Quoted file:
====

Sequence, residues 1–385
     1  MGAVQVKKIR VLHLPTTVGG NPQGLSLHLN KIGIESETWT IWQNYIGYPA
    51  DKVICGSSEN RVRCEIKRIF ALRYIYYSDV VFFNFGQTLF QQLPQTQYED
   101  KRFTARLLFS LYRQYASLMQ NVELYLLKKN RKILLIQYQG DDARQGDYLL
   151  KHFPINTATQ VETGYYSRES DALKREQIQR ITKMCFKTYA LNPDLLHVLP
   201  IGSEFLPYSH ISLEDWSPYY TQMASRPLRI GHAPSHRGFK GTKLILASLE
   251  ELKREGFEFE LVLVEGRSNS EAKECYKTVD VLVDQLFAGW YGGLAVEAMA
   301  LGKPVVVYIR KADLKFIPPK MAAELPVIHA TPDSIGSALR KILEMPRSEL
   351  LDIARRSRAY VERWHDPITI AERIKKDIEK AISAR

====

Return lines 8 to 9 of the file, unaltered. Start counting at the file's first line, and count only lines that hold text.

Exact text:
   301  LGKPVVVYIR KADLKFIPPK MAAELPVIHA TPDSIGSALR KILEMPRSEL
   351  LDIARRSRAY VERWHDPITI AERIKKDIEK AISAR